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Someone should get Brady Singer to chat with Jake Diekman

Diekman is using the changeup more and it has been working

Kansas City Royals v Tampa Bay Rays Photo by Douglas P. DeFelice/Getty Images

I am assuming most Royals Review readers have not been religiously following the season of Jake Diekman. The 36 year-old journeyman reliever started the year on the South Side of Chicago, but the White Sox quickly tired of his performance. After pitching on April 29th they stopped running him out for a while before finally DFAing him on May 6th. He left with a 7.94 ERA across 13 games and 11 and a third innings. The Tampa Bay Rays, who were the team he last pitched to, picked him up and had him pitching from their bullpen less than a week later.

Tampa Bay has become known for picking up other people’s trash and turning it into treasure. There have been several, but Jeffrey Springs was the one that has stood out recently. Having Texas and Boston give up on him, Springs ended up in Tampa and immediately put up a meh bullpen year before being transitioned into a starter for 2022. What a transition it was! He put up a 3 fWAR season and a 2.46 ERA over 135 innings in his first year as a major league starter. Now they seem to have done the bullpen version with Diekman, but way faster.

Since joining the Rays in early may, Diekman has posted a 2.08 ERA with good peripherals. His K/9 rate jumped to 13 after being 8.7 in Chicago. It’s like he turned into a different pitcher. How did Tampa Bay do this? I can’t say this is the sole explanation, but they started having him lean on the changeup more and the fastball less, which seems to be helping a lot. In Chicago he threw the changeup about 9% of the time, and since then he has raised his rate to a little over 15%. To move it 6% in that short of a time he has had to throw the changeup about twice as often as he was before.

His changeup is not a great pitch. It is in fact about league average, and always has been according to his pitch values at Fangraphs. But what is the point of a changeup? It is to make the hitter think fastball and get out ahead. If the hitter can sit fastball and be right a lot, just throwing twice as many changeups can make both pitches more effective. His fastball had negative run values in the past two seasons, and is suddenly back in positive territory this year despite the rough start to the year.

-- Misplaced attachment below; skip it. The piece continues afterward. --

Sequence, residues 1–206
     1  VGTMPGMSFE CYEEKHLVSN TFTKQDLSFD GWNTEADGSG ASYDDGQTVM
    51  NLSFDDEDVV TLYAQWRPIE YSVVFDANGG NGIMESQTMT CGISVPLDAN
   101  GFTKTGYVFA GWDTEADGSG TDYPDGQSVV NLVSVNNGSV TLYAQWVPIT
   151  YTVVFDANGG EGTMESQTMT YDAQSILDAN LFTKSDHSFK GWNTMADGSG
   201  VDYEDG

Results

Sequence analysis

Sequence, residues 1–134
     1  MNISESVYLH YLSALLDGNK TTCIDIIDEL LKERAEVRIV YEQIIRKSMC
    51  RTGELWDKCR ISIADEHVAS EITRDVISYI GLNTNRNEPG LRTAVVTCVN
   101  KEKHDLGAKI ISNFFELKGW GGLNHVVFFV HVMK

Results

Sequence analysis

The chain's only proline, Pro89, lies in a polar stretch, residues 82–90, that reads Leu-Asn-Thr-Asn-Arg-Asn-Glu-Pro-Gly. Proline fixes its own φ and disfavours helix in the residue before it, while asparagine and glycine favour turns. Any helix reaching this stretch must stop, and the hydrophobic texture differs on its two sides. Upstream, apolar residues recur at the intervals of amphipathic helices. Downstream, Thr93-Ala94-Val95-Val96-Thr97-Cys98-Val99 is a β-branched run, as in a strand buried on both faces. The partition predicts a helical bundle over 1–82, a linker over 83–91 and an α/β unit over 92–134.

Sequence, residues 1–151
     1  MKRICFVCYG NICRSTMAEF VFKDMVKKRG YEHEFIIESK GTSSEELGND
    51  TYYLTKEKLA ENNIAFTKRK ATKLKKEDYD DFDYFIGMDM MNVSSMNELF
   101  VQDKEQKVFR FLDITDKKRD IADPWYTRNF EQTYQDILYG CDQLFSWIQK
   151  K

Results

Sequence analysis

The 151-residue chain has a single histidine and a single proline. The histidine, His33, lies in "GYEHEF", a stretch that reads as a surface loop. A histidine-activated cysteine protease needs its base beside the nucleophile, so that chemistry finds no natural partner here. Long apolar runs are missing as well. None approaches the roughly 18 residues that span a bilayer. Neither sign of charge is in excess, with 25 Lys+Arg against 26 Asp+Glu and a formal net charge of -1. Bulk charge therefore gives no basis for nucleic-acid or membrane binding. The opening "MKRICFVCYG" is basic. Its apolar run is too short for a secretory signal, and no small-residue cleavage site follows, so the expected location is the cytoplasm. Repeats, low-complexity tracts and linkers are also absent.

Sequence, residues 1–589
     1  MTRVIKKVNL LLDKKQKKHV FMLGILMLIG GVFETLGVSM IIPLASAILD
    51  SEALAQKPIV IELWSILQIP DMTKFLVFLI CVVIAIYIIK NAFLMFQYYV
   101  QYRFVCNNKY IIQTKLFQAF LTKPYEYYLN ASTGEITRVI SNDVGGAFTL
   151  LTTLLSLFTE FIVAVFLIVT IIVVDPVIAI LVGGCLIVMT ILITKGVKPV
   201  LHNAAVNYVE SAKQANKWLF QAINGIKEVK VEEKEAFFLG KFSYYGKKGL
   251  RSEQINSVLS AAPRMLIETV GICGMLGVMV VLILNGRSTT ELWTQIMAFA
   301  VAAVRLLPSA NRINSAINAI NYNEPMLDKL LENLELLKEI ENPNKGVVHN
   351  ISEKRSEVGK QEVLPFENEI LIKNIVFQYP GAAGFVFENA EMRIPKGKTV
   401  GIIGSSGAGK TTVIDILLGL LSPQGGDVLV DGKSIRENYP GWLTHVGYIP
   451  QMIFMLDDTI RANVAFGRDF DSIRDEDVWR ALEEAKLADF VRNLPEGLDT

I am not going to credit all of his success to using the changeup more, but I think there is something there. He also seems to have stopped having his minimum speeds on fastballs a little higher, so he is staying closer to his peak, for instance. Still, I think Brady needs to pick his brain and see if he can incorporate any of the changeup philosophy. Last year, when he was really going well, Singer was using his changeup almost 50% more than now, although still not as often I as I think he should. This year he is going to the slider 3% more rather than the change, and it has not been working.

When the slider is doing worse, which pitch values are showing, why would you throw more of them? It just does not make any sense. He is allowing more hard contact and walking more batters just to increase his whiff rate a tiny bit I guess. If he wants to do that, baseball savant has classified 14 (0.9%) of his pitches as sweepers, and they have a 60% whiff rate. Work that into the mix more if you are wanting swing and miss. More pitches are good, even more mediocre ones, especially more mediocre ones if you don’t have overpowering stuff. Brady Singer is probably never going to be a dominant power pitcher or have the nastiest slider in the league, so he needs to learn how to mix his stuff better. Don’t let the batters feel like they have an idea of what is coming, so that when you leave a slider up, it is punished less frequently.

I would like to see Matt Quatraro bring some of that Rays mentality to this Royals dugout. At times I have heard people say Singer is stubborn and won’t necessarily do what he is told. If the manager goes over the plan with Brady and whoever is catching on a given day telling him to throw at least 15% changeups, that should take care of it. If you get to the third inning and he keeps shaking off the change, walk out to the mound and tell him to throw whatever the catcher says. If it continues, pull him out of the game. I know the pitching depth is problematic, but Yarbrough, Zerpa, and Keller are working their way back. It is time for Singer to grow up a bit, and start trying to develop beyond what got him here. If nothing else, his arbitration and free agency salaries should motivate him to be better than he has been so far this season.

We have seen Brady Singer be good before, and we all want to see him do it again. He has the ability, but it is time to start figuring out what he needs beyond the two pitches he is comfortable with. He is too old, and too far along the development pipeline to assume this is going to happen without some sort change to the repertoire. I suggest more changeups, but if the sweeper is coming along, go that direction. I am not picky. It just makes no sense to continue down the trodden path at this point.